Think Green

 

GIVE RECYCLING A TRY

 

While the number of U.S. landfills has steadily declined over the years, the average landfill size has increased. At the national level, landfill capacity appears to be sufficient for our current practices — although it is still limited in some areas. But recycling can help — by conserving natural resources, saving energy, reducing GHG, avoiding landfills, and much more.

 

In 2014, only 34.6% of what we tossed out was either recycled or composted, according to the EPA. But it’s easy to do more! Here are some helpful hints to make recycling easier for you and your family:


Recycling Do’s and Don’ts

FOR PAPER

Do: Recycle paper with staples, clips, or spirals intact — the metal will be filtered out by machines later.
Don't: Include any paper with food stains (think pizza boxes), as they can contaminate a load.

FOR PLASTICS

Do: Return plastic bags to stores. Find a local spot at plasticbagrecycling.org.
Don't: Forget to remove bottle caps. They're made of a different type of plastic and can mess up a whole batch

FOR GLASS & METAL

Do: Rinse out bottles, jars, and cans; throw away (or recycle) caps.
Do: Include washed pie tins and foil, metal bottle caps, wire coat hangers, scrap metal.
Don't: Worry about labels — they'll burn off at the plant.

FOR FURNITURE

Don't: Make the town dump your first stop. One person's trash is another's treasure — so when you want to ditch an old item, first try freecycle.org or a thrift shop.

For more information on recycling, visit
https://www.epa.gov/recycle/recycling-basics.

Think Green

Go Green in the Garden

Spring has sprung — which means many of us will be embarking on home gardening and landscaping projects.

Sustainable gardening practices — which provide tremendous environmental and economic benefits — have become more important than ever as the state faces its worst drought in decades.


Here are some easy ways to save water, reduce waste and improve soil in your gardens:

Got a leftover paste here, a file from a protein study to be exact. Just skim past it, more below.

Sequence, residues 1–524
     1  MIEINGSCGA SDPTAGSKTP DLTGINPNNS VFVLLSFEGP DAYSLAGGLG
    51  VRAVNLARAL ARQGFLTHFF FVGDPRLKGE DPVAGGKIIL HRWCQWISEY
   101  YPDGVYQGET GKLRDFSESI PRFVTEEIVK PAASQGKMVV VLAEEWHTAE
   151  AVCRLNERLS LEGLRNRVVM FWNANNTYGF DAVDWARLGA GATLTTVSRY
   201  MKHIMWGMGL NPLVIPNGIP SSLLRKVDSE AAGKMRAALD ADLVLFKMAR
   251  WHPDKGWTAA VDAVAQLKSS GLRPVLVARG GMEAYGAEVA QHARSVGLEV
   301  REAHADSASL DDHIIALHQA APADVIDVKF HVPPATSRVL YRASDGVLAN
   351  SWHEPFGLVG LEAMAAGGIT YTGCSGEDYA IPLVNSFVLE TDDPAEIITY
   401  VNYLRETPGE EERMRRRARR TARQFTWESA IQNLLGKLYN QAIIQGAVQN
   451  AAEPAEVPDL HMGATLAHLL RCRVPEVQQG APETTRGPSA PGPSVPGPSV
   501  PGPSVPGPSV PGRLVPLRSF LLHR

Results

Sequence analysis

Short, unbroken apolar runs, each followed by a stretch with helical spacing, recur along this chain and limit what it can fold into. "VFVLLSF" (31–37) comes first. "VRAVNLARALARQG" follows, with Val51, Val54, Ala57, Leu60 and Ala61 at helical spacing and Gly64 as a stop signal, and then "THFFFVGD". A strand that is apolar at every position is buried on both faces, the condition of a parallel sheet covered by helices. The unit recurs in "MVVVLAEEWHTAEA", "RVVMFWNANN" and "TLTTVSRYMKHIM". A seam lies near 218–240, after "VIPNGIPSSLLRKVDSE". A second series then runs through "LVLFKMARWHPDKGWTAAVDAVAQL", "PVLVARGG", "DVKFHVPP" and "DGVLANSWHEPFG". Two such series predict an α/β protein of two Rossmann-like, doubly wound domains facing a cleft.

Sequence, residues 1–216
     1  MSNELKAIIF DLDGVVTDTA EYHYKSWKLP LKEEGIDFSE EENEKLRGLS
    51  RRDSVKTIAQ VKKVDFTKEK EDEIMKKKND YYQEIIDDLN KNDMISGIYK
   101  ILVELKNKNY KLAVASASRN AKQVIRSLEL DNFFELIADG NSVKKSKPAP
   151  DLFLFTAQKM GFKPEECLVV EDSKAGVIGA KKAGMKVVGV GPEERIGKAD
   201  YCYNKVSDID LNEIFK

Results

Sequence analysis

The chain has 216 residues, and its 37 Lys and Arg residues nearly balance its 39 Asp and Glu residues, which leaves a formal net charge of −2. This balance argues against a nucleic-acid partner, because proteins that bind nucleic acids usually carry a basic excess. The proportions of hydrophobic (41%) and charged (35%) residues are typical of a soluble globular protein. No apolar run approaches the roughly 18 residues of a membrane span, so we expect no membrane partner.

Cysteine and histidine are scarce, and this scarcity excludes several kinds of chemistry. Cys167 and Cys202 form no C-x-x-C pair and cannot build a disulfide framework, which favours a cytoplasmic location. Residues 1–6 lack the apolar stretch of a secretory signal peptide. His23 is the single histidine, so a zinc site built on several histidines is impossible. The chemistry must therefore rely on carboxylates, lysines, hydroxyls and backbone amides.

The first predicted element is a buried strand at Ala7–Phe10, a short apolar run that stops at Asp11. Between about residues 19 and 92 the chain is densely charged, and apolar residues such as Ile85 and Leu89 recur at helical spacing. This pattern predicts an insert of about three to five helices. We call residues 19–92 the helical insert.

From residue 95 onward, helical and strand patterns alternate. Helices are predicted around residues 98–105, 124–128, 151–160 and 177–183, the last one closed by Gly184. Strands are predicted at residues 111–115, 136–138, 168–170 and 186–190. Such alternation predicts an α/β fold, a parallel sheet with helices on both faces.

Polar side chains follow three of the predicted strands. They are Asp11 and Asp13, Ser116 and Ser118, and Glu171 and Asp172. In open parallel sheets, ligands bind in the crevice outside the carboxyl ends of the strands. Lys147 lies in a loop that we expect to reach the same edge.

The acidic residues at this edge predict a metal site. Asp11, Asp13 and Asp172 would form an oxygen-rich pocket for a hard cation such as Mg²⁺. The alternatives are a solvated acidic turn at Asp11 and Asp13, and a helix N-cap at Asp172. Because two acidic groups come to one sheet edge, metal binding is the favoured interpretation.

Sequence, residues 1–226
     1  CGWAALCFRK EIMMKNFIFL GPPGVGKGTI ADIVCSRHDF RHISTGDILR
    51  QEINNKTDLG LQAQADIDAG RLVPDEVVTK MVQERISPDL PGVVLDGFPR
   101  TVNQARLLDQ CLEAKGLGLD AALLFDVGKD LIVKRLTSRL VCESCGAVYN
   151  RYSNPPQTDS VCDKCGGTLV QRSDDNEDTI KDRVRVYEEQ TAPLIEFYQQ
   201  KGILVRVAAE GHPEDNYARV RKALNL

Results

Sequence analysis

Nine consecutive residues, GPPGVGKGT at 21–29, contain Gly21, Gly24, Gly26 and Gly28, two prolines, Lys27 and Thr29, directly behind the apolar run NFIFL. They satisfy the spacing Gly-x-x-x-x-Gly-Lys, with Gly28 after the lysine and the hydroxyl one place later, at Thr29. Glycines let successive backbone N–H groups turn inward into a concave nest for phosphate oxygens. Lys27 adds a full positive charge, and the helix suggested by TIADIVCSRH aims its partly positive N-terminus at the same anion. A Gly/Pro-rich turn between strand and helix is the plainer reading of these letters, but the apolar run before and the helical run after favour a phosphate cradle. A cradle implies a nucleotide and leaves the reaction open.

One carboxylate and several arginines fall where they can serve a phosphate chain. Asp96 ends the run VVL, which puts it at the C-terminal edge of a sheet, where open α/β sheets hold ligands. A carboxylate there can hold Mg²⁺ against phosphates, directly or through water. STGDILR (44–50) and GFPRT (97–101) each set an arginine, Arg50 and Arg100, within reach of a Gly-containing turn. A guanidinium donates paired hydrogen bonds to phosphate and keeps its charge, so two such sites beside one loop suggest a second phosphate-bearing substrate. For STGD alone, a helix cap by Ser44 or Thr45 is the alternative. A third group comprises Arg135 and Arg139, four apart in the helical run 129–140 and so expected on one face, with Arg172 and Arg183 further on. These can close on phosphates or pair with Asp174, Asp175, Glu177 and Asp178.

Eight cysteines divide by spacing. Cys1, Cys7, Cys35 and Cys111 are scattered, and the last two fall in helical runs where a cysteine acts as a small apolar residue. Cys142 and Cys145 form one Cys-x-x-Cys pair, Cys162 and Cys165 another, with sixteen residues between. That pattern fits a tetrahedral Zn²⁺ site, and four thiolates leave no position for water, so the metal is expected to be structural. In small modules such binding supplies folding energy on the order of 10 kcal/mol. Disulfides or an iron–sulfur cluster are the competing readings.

1. Mulch.  This is a soil covering used to control weeds or erosion, retain moisture in soil and insulate soil in cold weather. Organic materials commonly used for mulch include wood chips, ground-up landscape trimmings, shredded bark, coarse compost material, straw, and shredded paper. Spreading mulch several inches thick over your outdoor site will keep out weeds. In the summer, mulch is an especially effective way to conserve irrigation water.

2. Composting. This is the controlled decomposition of organic materials such as leaves, twigs, grass clippings, and food scraps — it’s nature’s way of recycling! The best way to compost food waste is to mix it with dry leaves, sticks and twigs, wood chips, sawdust, dried/dead plants, shredded newspaper, or paper from a home shredder, along with yard waste such as grass clippings. It will need to be “turned” about once a week by fluffing the pile with a pitchfork to give it air. In most California climates, the compost is ready in three to six months, when it becomes a dark crumbly material that is uniform in texture. Spread it in the garden, raised beds or under and around plants. The compost can also be used as potting soil.

3. Grasscycle. This is the natural recycling of grass by leaving clippings on the lawn when mowing. Grass clippings decompose quickly, returning valuable nutrients back to the soil. It reduces turf grass fertilizer and water requirements, which minimize chemical runoff entering storm drains and polluting creeks, rivers, and lakes. Similar to mulching, it’s also an effective way of conserving water.

4. Xeriscape.  This means landscaping with slow-growing, drought tolerant plants to conserve water and reduce yard trimmings. Landscapes need to be planned to be compatible with locally available resources, including water, soil types, and sunlight. Xeriscapes generally require less fertilizer and fewer pest control measures than traditional landscapes, and as a result, cost less money.

For more green gardening tips, visit http://www.calrecycle.ca.gov/Organics/.